Working from home is here to stay for the foreseeable future, but how safe is your data when you’re away from the office? Cyber security and data integrity should be taken serious by remote workers. This article will explain how you can protect your data, be more aware of the risks and take steps to make your data more secure.
Amidst the chaos and unease of the global pandemic, digital transformation has happened. Earlier this year, and almost overnight, hundreds of thousands of office workers were ordered by law to work from home. Working from home was slowly gaining popularity before the lockdowns started, but it’s now become routine for so many of us.
Whether you’re itching to get back to the socially distanced office, or you’re relishing working from home in your pyjamas, you need to be aware of the risks to your data and IT systems when working remotely.
During the ongoing pandemic, unscrupulous cyber criminals have taken advantage of the international crisis, online scammers have been rife over the past several months.
Also, many inexperienced IT users are now undertaking work on their home networks and equipment, rather than office networks with higher levels of security.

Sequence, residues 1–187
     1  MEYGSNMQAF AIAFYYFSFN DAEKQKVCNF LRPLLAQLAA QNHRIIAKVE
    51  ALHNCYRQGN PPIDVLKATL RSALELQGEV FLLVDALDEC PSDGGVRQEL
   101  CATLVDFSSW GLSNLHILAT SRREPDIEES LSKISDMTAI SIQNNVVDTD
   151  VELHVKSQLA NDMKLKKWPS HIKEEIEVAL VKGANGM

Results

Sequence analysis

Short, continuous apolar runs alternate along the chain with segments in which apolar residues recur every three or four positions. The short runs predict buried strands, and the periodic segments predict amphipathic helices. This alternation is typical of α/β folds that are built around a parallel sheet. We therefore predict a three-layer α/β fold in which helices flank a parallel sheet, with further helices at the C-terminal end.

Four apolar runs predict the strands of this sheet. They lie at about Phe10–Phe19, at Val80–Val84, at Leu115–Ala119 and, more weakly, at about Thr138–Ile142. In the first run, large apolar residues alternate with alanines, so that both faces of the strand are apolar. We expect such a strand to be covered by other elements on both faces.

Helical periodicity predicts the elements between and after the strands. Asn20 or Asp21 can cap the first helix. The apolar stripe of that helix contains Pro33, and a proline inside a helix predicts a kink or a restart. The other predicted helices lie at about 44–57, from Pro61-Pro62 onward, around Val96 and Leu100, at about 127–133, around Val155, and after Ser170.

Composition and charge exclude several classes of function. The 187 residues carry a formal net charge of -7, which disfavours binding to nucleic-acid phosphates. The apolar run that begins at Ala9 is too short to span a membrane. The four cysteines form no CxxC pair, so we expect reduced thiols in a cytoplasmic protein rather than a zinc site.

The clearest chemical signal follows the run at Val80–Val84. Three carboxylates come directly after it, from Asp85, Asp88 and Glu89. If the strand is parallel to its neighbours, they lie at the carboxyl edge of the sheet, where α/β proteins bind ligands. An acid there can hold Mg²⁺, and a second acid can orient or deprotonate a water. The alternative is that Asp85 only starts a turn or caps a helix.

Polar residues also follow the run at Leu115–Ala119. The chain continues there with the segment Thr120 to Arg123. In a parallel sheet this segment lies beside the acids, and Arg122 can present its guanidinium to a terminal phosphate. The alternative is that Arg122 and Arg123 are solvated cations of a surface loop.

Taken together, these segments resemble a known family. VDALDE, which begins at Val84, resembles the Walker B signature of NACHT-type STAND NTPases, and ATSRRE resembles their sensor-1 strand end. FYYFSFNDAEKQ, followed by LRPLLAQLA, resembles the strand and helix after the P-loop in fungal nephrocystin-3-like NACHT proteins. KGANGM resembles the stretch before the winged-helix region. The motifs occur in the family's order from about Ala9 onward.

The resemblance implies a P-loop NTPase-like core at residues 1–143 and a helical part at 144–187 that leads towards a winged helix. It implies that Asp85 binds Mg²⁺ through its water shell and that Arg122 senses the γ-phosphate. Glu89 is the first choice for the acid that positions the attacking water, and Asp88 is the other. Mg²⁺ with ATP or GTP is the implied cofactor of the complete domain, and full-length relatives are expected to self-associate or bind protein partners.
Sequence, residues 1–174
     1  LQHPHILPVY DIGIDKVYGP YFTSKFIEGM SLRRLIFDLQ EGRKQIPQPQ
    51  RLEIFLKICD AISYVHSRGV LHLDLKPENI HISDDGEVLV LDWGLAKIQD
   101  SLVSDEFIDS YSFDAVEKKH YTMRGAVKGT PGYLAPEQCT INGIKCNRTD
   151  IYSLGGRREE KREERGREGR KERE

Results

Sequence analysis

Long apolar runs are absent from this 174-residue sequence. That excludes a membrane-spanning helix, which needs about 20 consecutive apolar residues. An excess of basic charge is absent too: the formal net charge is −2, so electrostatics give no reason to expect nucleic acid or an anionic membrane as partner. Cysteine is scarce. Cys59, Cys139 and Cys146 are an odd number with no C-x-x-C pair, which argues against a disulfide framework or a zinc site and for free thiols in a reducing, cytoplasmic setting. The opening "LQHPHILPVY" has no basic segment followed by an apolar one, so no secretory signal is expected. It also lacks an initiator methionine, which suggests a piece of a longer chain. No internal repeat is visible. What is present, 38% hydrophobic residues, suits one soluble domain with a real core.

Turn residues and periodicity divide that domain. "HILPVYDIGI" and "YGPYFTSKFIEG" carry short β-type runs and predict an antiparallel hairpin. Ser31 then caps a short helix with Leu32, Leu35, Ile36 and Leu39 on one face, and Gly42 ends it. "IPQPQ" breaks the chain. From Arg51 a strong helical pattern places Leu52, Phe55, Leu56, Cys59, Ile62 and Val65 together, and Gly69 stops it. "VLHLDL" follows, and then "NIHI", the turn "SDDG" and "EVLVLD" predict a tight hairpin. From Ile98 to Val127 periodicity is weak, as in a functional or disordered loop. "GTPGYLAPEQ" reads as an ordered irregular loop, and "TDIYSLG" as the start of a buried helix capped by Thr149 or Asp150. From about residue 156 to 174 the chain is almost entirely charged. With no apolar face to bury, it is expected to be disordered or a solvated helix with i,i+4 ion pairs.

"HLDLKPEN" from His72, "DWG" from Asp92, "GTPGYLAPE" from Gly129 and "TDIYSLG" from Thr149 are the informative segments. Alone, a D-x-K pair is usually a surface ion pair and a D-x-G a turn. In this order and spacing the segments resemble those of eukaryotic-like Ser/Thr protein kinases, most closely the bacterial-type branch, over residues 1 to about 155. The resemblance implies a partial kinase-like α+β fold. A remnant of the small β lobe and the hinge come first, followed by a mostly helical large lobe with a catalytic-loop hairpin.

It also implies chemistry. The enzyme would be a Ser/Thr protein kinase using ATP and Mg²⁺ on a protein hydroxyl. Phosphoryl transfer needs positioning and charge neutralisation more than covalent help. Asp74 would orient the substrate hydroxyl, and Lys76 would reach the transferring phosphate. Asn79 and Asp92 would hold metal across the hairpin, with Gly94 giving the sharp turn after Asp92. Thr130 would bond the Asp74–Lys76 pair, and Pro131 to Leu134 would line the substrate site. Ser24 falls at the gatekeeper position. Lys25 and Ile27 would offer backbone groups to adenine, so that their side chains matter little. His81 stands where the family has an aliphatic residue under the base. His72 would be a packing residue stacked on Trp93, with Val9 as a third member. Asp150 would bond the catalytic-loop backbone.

We’re here to help you stay secure and keep your data safe.
How to stay more secure when working from home: 7 tips
Here are some quick and easy steps you can take to keep your data secure at home:
1. Use a VPN at home
Your home network is not as secure as it could be, unless you’re in the handful of users who change your ISP router’s default configuration as soon as you can, then it’s definitely vulnerable.
A VPN is a Virtual Private Network, which provides an encrypted connection between your device and the private network, and it is the private network which accesses web content and relays it back to you.
2. Be vigilant towards Phishing and social engineering attacks
Scams such as phishing emails, social engineering on social media and malware distribution through cloaked links are very easy to fall for, even if you’re tech-savvy. These scams are more sophisticated than they were just a few years ago, so be vigilant and don’t click on any links that you’re unsure of.